One of China's biggest bears is out with this incredibly bullish call

China’s Shanghai Composite may rally to 8,000 points, or more than 100%, over the next 18 months.

No, it’s not a call from a retail investor in rural China, nor that from the head of China’s stock market regulator, the CSRC. It’s from John Carnes, an investor who has made his fortune through being a China bear, aggressively shorting Chinese listed firms.

The 41-year-old is deemed to be the most successful short-seller of the 28 tracked by Activist Shorts, a website that analyses performance based on bearish research.

Carnes manages around $10 million of private funds from friends and family. While a relatively small amount of money it must be noted that he does not accept funds from external investors, and started with just $3,000 back in 1992.

Anyone who’s traded for themselves would understand that’s no mean feat.

For Carnes, the basis behind his bullish call is simple.

Investors are fearful of missing out, or FOMO, when it comes to making a fortune out of the nation’s stock market.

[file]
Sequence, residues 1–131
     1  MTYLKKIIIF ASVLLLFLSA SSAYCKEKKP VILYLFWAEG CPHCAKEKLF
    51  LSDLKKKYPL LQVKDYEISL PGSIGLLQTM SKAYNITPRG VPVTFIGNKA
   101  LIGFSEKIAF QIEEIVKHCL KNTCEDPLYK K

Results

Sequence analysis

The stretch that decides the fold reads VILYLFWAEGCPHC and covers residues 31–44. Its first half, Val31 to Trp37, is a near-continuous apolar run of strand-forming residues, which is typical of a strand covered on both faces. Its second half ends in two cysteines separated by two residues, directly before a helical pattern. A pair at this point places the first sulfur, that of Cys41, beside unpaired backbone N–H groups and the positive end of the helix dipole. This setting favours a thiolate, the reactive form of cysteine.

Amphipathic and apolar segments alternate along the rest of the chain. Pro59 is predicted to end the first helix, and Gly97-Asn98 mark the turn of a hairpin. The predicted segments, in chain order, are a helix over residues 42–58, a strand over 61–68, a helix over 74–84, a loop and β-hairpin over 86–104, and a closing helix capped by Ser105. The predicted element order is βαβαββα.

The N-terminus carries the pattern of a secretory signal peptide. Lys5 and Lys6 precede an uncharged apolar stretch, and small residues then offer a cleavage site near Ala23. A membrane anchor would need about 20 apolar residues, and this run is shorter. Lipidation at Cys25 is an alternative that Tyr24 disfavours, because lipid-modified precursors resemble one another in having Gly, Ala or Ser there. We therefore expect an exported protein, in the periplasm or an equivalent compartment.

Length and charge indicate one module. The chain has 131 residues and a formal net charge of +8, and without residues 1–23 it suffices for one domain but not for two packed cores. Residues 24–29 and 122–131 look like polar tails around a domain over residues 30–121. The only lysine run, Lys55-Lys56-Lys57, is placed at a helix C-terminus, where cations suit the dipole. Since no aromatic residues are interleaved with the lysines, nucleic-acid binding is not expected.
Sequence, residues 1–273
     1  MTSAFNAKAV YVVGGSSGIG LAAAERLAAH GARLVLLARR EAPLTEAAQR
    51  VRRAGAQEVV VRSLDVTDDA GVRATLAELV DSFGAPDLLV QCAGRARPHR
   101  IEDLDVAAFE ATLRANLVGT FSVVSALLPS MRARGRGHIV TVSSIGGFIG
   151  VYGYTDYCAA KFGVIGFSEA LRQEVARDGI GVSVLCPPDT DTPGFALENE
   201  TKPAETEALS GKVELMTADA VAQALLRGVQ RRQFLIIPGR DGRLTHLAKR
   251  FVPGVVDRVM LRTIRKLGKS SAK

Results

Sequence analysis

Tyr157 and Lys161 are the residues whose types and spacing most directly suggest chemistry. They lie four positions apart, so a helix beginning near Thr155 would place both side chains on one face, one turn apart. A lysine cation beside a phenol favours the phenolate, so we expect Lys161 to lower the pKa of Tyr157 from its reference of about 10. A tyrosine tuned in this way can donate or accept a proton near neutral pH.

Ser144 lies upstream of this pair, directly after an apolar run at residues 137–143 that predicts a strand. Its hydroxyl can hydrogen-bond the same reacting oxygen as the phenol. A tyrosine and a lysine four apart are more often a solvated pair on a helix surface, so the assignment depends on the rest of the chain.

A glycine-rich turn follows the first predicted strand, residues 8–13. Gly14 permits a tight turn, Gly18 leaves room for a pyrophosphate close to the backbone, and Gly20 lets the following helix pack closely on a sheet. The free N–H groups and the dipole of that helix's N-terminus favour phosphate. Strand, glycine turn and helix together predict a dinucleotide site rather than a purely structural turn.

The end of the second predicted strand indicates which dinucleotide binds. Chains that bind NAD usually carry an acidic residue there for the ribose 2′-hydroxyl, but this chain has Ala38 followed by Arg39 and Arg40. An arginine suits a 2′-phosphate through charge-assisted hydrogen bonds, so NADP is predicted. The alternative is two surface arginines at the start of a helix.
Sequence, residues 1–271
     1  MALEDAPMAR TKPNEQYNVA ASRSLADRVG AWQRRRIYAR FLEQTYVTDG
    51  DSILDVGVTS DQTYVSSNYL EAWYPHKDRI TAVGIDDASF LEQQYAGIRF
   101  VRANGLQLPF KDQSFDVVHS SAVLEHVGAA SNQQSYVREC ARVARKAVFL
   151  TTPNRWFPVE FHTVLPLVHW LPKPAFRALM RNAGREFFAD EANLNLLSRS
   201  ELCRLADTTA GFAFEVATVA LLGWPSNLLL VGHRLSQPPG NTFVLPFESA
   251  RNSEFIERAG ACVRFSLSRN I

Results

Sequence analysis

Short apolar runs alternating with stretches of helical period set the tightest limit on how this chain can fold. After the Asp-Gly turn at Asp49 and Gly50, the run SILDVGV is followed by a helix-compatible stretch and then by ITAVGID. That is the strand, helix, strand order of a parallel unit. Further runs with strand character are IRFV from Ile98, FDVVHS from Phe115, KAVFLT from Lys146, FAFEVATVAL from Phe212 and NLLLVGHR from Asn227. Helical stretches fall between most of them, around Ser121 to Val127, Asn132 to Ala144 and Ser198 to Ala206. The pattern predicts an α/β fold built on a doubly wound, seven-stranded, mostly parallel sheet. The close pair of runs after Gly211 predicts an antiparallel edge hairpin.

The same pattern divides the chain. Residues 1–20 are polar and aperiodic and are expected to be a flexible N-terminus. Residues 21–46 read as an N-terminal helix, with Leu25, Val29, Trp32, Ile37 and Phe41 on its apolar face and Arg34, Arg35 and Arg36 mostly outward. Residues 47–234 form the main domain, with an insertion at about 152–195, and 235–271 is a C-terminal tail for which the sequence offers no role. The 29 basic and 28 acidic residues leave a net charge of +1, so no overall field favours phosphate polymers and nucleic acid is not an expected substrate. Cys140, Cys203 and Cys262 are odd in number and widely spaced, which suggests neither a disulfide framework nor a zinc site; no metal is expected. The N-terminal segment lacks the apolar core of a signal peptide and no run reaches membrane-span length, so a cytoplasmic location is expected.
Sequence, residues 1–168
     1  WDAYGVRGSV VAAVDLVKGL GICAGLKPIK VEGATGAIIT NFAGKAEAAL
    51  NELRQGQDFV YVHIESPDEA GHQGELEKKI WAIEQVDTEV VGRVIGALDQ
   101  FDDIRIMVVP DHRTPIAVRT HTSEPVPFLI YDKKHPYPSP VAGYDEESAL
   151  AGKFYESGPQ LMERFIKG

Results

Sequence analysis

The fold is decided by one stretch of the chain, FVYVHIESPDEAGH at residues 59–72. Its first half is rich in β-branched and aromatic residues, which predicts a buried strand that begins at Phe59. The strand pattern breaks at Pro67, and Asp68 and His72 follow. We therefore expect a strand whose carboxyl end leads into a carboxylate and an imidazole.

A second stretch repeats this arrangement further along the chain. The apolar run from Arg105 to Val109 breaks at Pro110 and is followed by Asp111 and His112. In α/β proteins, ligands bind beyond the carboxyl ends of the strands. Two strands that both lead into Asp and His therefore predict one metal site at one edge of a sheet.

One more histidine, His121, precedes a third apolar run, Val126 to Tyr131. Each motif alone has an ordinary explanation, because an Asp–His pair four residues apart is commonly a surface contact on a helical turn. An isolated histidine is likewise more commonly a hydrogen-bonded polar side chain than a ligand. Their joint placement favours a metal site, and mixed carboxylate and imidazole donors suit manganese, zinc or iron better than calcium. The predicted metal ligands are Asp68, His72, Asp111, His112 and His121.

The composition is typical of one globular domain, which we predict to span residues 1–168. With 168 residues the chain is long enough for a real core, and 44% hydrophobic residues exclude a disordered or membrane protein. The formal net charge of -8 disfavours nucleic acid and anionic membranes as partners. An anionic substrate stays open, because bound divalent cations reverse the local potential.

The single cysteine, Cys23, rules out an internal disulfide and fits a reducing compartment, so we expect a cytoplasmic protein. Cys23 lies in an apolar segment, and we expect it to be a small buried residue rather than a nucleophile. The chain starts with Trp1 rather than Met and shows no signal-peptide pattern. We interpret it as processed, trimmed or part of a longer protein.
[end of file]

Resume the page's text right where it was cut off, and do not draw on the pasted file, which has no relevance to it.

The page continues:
They watched stocks surge by as much as 150% in a little over six months, hitting a fresh seven-year high in the process, and they don’t want to miss out on the next leg of the rally, presuming it arrives, of course.

“A lot of people missed out on the bull market”, said Carnes in an interview with Bloomberg, adding “this violent correction is a huge buying opportunity for them.”

He points out that household wealth in China surged to an estimated $21 trillion last year, with most of that tied up in property, bank deposits and unlisted businesses.

Stocks, in his opinion, are one asset class that will benefit from the increased levels of wealth. Certainly, compared to more developed nations, Chinese households underinvested in stocks.

According to the latest China Household Finance Survey conducted in the June quarter of 2015, only 8.8% of survey respondents indicated that they were invested in shares.

To Carnes, that’s bullish for future gains in the nation’s stock market.

“There’s tons and tons of money in China, and that money has to go someplace. I don’t think giant bull markets like this end that quickly”.

The chart below shows where the Shanghai Composite will be trading if his call proves to be right.

You can read more about Carnes’ fascinating story from Bloomberg here.

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